There was a time in my life as a teacher that I didn’t consider what students believed about reading or themselves as readers when we read together. What mattered then was only how the students ‘sounded’ as they read, whether they made ‘mistakes’ or not and how ‘fluently’ they read.
Years later, through miscue analysis, I realize how off base I was then. By understanding miscue analysis I hear the wealth of strengths students reveal about themselves as readers. These include their focus on constructing meaning, their knowledge of grammar and phonics, their prediction and self-correction strategies, etc. I’ve read with LOTS of readers and have yet to meet one without strengths. Miscue analysis helps me understand where students need support and where I can use strategy lessons to build on their strengths so they read more efficiently and effectively.
Before I first read with a student I always begin with the Burke Reading Interview (BRI) because it gives me insights into the students’ beliefs about reading and themselves as readers. I use this information as I design strategy lessons and retrospective miscue analysis sessions with readers.
The BRI [Burke Reading Interview] includes questions that probe students’ beliefs of what reading is, how it works, and who they are as readers.
- When you’re reading and you come to something you don’t know, what do you do? Do you ever do anything else?
- Who is a good reader that you know?
- What makes __________________ a good reader?
- Do you think _________________ ever comes to something they don’t know?
- “Yes”: When ____does come to something s/he doesn’t know, what do you think s/he does? “No”: Suppose ____comes to something s/he doesn’t know. What would s/he do?
- What would you do to help someone having difficulty reading?
- What would a/your teacher do to help that person?
- How did you learn to read?
- What would you like to do better as a reader? Do you think you are a good reader? Why?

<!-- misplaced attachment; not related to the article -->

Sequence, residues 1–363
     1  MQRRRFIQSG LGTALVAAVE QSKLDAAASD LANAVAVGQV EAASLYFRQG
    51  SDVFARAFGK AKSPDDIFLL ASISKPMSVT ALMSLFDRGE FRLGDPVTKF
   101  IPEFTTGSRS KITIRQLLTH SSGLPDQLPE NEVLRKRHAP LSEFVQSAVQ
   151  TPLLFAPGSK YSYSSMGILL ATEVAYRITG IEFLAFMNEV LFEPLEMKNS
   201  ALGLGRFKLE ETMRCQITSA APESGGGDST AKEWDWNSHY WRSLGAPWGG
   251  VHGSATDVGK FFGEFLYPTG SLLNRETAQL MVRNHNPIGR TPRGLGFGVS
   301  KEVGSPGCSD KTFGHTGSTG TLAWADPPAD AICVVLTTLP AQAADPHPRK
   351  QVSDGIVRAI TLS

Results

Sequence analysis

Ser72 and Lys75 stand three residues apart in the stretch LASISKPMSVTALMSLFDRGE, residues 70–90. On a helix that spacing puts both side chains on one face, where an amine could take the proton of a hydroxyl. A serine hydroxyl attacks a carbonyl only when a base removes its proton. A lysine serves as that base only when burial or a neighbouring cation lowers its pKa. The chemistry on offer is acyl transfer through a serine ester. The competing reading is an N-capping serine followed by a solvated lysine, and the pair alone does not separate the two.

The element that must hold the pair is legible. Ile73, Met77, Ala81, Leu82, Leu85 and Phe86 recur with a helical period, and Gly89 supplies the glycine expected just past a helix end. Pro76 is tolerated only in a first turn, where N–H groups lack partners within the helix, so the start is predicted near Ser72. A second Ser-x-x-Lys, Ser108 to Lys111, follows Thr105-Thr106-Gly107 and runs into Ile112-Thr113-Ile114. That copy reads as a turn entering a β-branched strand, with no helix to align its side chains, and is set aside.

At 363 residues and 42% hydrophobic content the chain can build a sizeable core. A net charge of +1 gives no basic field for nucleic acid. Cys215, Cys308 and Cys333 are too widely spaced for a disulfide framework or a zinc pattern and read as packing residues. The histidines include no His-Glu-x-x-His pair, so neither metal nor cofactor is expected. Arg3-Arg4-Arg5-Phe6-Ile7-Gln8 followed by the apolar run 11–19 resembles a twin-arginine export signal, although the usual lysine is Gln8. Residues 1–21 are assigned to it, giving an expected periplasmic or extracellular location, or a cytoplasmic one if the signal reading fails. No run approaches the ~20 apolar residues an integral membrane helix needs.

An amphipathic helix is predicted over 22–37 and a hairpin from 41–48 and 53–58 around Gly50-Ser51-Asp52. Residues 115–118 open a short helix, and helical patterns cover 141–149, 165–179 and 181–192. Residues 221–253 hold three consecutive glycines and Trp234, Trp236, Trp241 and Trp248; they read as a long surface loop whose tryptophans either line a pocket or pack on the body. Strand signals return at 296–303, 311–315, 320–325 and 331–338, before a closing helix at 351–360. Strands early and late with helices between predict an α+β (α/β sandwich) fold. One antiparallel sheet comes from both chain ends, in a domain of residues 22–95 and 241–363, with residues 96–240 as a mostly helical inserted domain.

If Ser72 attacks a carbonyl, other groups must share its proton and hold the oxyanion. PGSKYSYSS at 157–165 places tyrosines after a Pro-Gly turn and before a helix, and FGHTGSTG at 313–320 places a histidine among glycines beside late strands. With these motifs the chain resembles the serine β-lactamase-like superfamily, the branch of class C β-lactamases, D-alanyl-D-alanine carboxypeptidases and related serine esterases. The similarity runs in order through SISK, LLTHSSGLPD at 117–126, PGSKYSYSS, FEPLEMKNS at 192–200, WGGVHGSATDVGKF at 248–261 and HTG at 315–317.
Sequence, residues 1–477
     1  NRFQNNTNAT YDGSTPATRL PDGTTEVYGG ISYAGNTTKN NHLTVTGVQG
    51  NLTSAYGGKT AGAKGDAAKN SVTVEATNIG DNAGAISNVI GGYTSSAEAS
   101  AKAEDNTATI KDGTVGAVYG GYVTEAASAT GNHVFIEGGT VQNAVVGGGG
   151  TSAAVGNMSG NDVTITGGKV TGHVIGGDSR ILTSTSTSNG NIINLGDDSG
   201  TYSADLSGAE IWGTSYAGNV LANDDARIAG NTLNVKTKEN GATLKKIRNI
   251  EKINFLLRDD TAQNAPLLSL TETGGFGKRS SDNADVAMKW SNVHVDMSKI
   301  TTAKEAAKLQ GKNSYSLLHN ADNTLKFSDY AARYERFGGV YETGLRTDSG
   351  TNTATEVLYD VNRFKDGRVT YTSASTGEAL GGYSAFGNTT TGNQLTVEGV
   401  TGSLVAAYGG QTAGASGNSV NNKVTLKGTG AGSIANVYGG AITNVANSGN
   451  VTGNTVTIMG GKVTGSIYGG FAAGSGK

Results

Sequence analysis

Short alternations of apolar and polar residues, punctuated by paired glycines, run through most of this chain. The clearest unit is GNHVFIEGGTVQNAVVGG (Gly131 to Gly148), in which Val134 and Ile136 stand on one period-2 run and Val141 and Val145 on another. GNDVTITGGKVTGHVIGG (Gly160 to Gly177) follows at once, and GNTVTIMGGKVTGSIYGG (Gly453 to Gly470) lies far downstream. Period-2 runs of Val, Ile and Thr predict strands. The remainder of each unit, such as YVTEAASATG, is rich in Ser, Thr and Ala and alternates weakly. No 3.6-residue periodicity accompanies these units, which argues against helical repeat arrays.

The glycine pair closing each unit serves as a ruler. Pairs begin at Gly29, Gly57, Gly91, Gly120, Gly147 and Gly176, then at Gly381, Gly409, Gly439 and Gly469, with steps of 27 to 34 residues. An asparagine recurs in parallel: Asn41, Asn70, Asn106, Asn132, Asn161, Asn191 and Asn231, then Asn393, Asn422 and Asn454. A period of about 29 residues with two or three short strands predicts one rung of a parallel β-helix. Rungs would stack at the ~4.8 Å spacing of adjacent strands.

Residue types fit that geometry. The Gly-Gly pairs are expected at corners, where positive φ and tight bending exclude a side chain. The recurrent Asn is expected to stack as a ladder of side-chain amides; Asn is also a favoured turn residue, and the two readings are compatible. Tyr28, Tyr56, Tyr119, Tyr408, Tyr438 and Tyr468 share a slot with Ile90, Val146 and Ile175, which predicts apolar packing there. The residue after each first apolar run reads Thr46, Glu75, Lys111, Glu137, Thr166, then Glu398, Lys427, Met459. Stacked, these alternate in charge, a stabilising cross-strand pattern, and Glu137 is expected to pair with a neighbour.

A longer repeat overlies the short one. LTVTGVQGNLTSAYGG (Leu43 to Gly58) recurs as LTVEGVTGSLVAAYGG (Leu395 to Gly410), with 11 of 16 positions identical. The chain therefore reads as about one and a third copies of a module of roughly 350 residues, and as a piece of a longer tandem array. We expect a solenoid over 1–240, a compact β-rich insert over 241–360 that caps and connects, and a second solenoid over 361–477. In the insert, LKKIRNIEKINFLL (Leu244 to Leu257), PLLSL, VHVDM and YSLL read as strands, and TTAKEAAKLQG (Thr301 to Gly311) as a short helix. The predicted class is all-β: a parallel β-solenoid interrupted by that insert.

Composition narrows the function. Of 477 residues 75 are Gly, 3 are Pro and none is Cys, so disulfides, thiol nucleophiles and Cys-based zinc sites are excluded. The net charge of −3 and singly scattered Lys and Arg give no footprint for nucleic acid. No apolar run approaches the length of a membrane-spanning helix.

The same type of question is asked in different ways to more fully flesh out students’ beliefs. I learn what students believe about the reading process, how reading works, and strategies they use from questions 1 5, 6, and 9. Students who identify strategies such as ‘sound it out’, ‘ask you’, or ‘break it into parts’ I know most likely have a more skills-oriented view of reading than meaning-oriented students who respond ‘think about what makes sense’, ‘keep reading’, or ‘skip it and come back later’. The ‘something’ in question 1 is critical because students’ responses indicate if they believe reading is about words/skills or meaning.
Responses to questions 2, 3, 4, and 5 help me understand students’ beliefs about good readers. Some students believe good readers ‘know all the words’ and ‘read fast’ while others believe good readers ‘understand what they read’. Questions 6 & 7 give insights into students’ perceptions of instruction while question 8 reveals students’ memories (positive or not) of learning to read.
Questions 9 and 10 are eye-opening! Often I can guess students’ responses before we get to those questions. I’ve come to value the critical importance of these questions too because I KNOW that students who don’t have positive perceptions of themselves as readers will make little progress until those perceptions change (which is where retrospective miscue analysis and other strategies come in).
The BRI questions are jump off points and not intended to be strictly followed. I often ask follow up questions to clarify students’ responses and deepen my understandings of them as readers. The BRI has been adapted for older readers [BRI for Older Readers] and bilingual students [BRI in Spanish]. With bilingual interview it’s good to include questions about students’ other language(s) and strategies they use in those languages as well as English.
Please try the BRI and let me know what you learn about your students! Enjoy!
Prisca Martens (email@example.com)
The Essential RMA: http://www.retrospectivemiscue.com
Richard C. Owen: http://www.rcowen.com/PB-Indv-ERMA.htm